Margaret of Valois

Marguerite de ValoisMarguerite of ValoisMargaret
At Queen Joan's death, it was arranged for Henry to marry Margaret of Valois, daughter of Henry II and Catherine de' Medici.
By her marriage to Henry III of Navarre (later Henry IV of France), she was queen of Navarre and then France at her husband's 1589 accession to the latter throne.

Voltaire

François-Marie ArouetVoltairianFrançois-Marie Arouet (Voltaire)
He was celebrated in the popular song "Vive le roi Henri" (which later became an anthem for the French monarchy during the reigns of his successors) and in Voltaire's Henriade.
He instead turned to an epic poem about Henry IV of France that he had begun in early 1717.

Jeanne d'Albret

Jeanne III of NavarreJeanne IIIJoan III of Navarre
The son of Antoine de Bourbon, Duke of Vendôme and Jeanne d'Albret, the Queen of Navarre, Henry was baptised as a Catholic but raised in the Protestant faith by his mother.
She married Antoine de Bourbon, Duke of Vendôme, becoming the Duchess of Vendôme, and was the mother of Henri de Bourbon, who became King Henry III of Navarre and IV of France, the first Bourbon king of France.

Acadia

Acadiel'AcadieHistory of Acadia
During his reign, the French colonization of the Americas truly began with the foundation of the colony of Acadia and its capital Port-Royal.
Henry IV of France chartered a colony south of the St. Lawrence River between the 40th and 46th parallels in 1603, and he recognized it as La Cadie.

Paris

Paris, FranceParísParisian
The wedding took place in Paris on 18 August 1572 on the parvis of Notre Dame Cathedral.
The conflicts ended when pretender to the throne Henry IV, after converting to Catholicism to gain entry to the capital, entered the city in 1594 to claim the crown of France.

Henriade

La HenriadeHenriad
He was celebrated in the popular song "Vive le roi Henri" (which later became an anthem for the French monarchy during the reigns of his successors) and in Voltaire's Henriade.
According to Voltaire himself, the poem concerns and was written in honour of the life of Henry IV of France, and is a celebration of his life.

Charles IX of France

Charles IXKing Charles IXCharles
Henry became heir presumptive to the French throne in 1584 upon the death of Francis, Duke of Anjou, brother and heir to the Catholic Henry III, who had succeeded Charles IX in 1574.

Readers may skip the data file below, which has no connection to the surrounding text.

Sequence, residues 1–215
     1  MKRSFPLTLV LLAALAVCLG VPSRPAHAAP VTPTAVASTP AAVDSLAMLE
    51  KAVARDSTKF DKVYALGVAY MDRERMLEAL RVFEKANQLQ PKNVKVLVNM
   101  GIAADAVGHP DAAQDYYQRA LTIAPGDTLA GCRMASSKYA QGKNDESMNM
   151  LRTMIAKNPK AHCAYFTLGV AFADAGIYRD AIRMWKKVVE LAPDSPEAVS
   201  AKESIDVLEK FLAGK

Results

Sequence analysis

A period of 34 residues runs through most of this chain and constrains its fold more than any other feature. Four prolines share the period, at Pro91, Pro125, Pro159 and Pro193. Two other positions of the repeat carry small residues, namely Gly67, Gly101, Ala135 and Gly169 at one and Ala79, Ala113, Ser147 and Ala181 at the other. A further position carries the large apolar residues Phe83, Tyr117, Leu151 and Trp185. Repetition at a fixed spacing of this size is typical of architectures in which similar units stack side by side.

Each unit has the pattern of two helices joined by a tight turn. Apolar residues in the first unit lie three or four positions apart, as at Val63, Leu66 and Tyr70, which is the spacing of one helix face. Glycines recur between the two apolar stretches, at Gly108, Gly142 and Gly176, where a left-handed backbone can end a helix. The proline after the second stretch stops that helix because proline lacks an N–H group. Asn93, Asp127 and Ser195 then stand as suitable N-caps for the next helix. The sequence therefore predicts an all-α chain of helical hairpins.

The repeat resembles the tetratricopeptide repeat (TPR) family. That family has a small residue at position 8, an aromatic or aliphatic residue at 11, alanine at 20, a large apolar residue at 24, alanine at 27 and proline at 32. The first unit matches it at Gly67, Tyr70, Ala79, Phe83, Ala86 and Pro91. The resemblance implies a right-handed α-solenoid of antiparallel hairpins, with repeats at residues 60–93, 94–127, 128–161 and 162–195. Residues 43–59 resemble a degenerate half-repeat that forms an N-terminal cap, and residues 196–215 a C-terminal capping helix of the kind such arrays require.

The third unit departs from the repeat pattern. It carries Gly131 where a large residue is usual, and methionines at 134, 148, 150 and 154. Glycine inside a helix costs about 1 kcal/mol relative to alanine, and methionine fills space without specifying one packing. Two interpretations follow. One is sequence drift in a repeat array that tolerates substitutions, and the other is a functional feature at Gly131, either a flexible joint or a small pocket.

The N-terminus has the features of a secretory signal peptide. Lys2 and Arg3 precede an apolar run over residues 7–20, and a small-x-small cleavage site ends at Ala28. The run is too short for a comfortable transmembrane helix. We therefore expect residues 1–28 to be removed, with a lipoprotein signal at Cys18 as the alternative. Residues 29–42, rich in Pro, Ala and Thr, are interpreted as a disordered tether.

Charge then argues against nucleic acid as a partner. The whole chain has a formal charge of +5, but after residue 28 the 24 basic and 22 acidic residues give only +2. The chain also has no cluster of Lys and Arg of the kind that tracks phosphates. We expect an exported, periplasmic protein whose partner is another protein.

In 1572, after several unsuccessful peace attempts, Charles ordered the marriage of his sister Margaret of Valois to Henry of Navarre (the future King Henry IV of France), a major Protestant nobleman who was in the line of succession to the French throne, in a last desperate bid to reconcile his people.

Battle of Arques

ArquesBattle of Arques (1589)fights in the neighbourhood of Arques
Henry was victorious at the Battle of Arques and the Battle of Ivry, but failed to take Paris after besieging it in 1590.
The Battle of Arques occurred on 15–29 September 1589 between the French royal forces of King Henry IV of France and troops of the Catholic League commanded by Charles of Lorraine, Duke of Mayenne during the eighth and final war (1585-1598) of the French Wars of Religion.

Battle of Ivry

Ivrya battle
Henry was victorious at the Battle of Arques and the Battle of Ivry, but failed to take Paris after besieging it in 1590.
The battle was a decisive victory for Henry IV of France, leading Huguenot and English forces against the Catholic League by the Duc de Mayenne and Spanish forces under the Count of Egmont.

Catherine de Bourbon

CatherineCatherine de NavarreCatherine of Navarre
He named his 16-year-old sister, Catherine de Bourbon, regent of Béarn.
She ruled the principality of Béarn in the name of her brother, King Henry III of Navarre, from 1576 until 1596.

Henry I, Duke of Guise

Duke of GuiseHenry of GuiseHenry, Duke of Guise
The third was Henry I, Duke of Guise, who pushed for complete suppression of the Huguenots and had much support among Catholic loyalists.
In 1576 he founded the Catholic League to prevent the heir, King Henry of Navarre, head of the Huguenot movement, from succeeding to the French throne.

Siege of Paris (1590)

Siege of ParisParislay siege to Paris
Henry was victorious at the Battle of Arques and the Battle of Ivry, but failed to take Paris after besieging it in 1590.
The siege of Paris took place in 1590 during the French Wars of Religion when the French Royal Army under Henry of Navarre, and supported by the Huguenots, failed to capture the city of Paris from the Catholic League.

Politique

politiques
As a pragmatic politician (in the parlance of the time, a politique), he displayed an unusual religious tolerance for the era.
For example, the politique policies of Henry IV of France, such as the Edict of Nantes (a document granting unprecedented political and religious liberties to the minority French Protestants), directly contributed to the centralized administrative system of seventeenth century France and the absolutism embodied by Louis XIV of France, which included an eventual revocation of the Edict.